(And the meme that all of our single family housing is occupied by privileged white homeowners also is way off base. Consider that a significant chunk – 25 percent approximately – of the city’s single family structures are occupied by renters (whose incomes average a little more than 55% of area median). Also note 65% of all African American families are renters and depend heavily upon this stock of larger family sized rental units – precisely the stuff we’re tearing down at record rates to make way for expensive smaller luxury rental housing)
There are several approaches the city and pro-density proponents use to bump up the percent of the city “zoned single family”, or “zoned exclusively for single family” or “given over to single family”. They all play fast and loose with the facts or rather conveniently fail to qualify their remarks in a number of ways.
Version 1: Only in this latest version of the Comp Plan have city planners ever defined total land area as “gross” sq footage – a 53,151 acre total. It always been in past comp plans just total acreage or land area. They’ve now defined that as gross and added a net sq footage with is defined as gross land area minus area given over to right of way. Subtracting right of way brings “net” acreage down to 38,998. Now divide that into the amount given over to single family zoning (18,818 acres) and your amount in single family goes to 48.25 percent. Here too, however, there is a failure to qualify this as the percent of net acreage (total minus right of way) zoned single family.
Version 2. Before you take the percent of the city’s total land area 53151 acres given over to single family, subtract parks, open space in addition to right of way from that total city land area. That brings down total acreage to 34,621. Then the percent of this reduced total that is given over to single family rises to 54.4 percent. Again few choose to qualify or explain the figure, although some will say 54 percent of ‘developable land’ is zoned single family.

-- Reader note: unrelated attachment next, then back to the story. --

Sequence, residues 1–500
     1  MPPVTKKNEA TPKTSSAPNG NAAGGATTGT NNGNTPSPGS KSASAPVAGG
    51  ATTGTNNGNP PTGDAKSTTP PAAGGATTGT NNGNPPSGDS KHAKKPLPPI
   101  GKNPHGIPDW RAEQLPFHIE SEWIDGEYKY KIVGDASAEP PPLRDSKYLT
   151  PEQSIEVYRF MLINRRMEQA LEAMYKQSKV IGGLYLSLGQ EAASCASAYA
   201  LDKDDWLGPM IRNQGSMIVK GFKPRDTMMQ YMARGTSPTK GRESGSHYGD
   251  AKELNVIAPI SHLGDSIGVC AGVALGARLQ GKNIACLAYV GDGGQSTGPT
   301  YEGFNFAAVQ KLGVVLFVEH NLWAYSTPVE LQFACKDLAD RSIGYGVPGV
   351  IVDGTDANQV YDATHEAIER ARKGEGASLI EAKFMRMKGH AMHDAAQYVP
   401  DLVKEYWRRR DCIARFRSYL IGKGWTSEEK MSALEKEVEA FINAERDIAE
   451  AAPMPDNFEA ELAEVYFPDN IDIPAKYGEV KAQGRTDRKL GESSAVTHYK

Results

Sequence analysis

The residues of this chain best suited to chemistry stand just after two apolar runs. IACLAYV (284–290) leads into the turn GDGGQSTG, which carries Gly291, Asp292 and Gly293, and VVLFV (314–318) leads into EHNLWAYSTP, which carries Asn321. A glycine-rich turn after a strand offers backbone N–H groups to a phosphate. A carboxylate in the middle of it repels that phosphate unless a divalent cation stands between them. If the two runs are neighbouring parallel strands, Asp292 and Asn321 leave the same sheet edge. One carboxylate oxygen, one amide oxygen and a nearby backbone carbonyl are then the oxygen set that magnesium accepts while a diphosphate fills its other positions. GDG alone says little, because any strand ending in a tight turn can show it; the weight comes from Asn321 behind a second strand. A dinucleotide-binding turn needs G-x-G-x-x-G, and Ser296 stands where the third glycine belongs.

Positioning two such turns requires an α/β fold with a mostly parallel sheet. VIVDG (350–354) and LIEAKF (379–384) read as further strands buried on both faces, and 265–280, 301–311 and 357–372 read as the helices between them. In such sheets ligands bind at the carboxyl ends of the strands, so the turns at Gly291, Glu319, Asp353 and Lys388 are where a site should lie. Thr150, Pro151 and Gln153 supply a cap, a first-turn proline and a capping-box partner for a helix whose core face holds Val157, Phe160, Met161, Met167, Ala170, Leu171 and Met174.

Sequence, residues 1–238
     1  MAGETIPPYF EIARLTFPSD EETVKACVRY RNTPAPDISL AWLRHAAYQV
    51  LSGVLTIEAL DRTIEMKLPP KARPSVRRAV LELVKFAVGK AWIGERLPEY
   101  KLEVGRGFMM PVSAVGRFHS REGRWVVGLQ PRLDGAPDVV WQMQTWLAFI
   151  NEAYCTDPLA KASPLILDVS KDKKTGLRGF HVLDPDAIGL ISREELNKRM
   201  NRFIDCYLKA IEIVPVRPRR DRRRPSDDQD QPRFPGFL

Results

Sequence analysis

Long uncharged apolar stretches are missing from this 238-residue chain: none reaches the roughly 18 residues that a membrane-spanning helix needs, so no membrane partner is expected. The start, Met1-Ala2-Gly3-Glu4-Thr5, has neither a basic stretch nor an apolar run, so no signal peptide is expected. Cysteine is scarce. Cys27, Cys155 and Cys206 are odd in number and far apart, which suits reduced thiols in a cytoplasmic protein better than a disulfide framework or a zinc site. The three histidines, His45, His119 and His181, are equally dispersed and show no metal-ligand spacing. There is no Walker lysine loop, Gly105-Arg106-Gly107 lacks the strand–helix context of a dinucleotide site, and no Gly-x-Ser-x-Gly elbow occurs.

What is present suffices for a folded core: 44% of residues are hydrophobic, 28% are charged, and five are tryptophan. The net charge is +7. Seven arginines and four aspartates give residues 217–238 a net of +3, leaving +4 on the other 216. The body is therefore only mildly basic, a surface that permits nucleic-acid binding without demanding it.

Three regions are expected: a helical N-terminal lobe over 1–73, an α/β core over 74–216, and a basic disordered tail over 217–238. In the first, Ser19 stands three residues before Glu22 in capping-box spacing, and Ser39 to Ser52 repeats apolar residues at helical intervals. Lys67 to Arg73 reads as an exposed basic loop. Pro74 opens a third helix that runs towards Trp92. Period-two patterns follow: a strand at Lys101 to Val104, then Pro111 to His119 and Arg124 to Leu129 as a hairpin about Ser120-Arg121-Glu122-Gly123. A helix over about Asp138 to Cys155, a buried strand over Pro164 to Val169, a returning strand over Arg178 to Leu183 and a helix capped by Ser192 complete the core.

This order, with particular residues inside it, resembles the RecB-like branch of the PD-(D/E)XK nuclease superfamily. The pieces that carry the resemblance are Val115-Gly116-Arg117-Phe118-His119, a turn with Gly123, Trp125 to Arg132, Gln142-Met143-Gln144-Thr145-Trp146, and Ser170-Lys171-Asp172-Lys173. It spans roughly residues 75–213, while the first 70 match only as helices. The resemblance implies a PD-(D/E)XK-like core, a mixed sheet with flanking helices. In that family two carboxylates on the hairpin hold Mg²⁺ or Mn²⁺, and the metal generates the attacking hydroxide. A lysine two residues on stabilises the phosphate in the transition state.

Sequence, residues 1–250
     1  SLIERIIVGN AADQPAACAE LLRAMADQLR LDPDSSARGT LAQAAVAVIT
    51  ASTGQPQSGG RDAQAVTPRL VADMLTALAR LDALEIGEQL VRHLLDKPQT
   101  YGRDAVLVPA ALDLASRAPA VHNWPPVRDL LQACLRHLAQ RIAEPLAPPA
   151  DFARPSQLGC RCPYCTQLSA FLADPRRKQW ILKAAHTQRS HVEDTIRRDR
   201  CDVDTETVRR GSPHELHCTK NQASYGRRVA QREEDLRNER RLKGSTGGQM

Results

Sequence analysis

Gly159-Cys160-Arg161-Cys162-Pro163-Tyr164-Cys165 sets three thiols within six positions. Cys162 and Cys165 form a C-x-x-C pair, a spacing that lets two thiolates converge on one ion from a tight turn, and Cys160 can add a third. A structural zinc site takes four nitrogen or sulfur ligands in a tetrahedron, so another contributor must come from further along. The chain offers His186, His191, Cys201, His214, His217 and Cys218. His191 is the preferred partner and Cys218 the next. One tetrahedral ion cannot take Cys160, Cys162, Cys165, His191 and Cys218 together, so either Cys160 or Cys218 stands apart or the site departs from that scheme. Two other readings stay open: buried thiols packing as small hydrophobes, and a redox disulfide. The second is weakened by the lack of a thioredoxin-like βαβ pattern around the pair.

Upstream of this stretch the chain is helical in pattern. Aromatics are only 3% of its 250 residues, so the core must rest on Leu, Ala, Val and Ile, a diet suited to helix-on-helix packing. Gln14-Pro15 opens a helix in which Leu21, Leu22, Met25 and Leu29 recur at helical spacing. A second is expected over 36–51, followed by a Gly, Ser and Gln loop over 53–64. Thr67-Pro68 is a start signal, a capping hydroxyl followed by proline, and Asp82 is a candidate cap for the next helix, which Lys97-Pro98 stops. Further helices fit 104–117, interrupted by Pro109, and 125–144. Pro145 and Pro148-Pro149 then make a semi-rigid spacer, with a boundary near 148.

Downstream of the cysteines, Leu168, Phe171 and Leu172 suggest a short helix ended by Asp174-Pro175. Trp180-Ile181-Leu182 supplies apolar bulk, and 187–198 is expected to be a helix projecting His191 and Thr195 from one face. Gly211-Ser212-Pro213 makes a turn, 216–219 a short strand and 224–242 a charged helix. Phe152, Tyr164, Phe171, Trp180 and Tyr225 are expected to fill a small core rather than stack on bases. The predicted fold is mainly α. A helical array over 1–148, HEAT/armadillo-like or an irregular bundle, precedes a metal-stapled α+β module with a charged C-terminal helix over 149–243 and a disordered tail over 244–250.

Note here on the very same city webpage: the City uses both the above methodologies (see figure of 54 percent in bullets and then go to pie chart lower right for the 49 percent figure in single family) http://www.seattle.gov/dPd/cityplanning/populationdemographics/aboutseattle/landuse/default.htm
Version 3 (preferred by prodensity crowd): You only take amount of land given over to residential uses which would include single family, multi-family, commercial mixed, industrial and vacant (29,075 acres including 18818 single family). Now the percent given over to single-family is bumped up to 64.7 percent. Take out industrial from total and that bumps single family all the way up to 73%. Rarely do those using these percentages ever qualify their remarks of course – it wouldn’t serve their purpose.
Version 4: Another version used to bump it up to around 65 percent is to take the amount of acreage given over to single family (18818) and then add to it, the percent of right of way and parks/open space w/in or adjacent to the areas zoned single family – about 15,000 acres. The total is 34,000 acres. Divide this figure by the amount of the city’s total gross sq footage in Seattle 53151 acres and voila, the amount in single family rises to about 65%.
Version 5: Use their new ‘net figure’ for total land area of 38,998 (rather than total or gross of 53151). Add parks and open space to amount of land in single family and that equals a figure of 24195 acres. Now divide 24,195 by 38998 (net) and you get 62 percent) given over to single family.
For a story about the single family figure/percent manipulations, here is a 2015 Crosscut piece by Eric Scigliano: http://crosscut.com/2015/08/single-family-seattle-isnt-as-big-as-density-boosters-claim/
And if you’re curious about whether our amount given over to single-family is unusual, here’s a land use comparison we made of Seattle to Vancouver a few years ago – a little dated and needs to be updated, but still has value for the sake of comparison. http://www.zipcon.net/~jvf4119/vanseacomparison.htm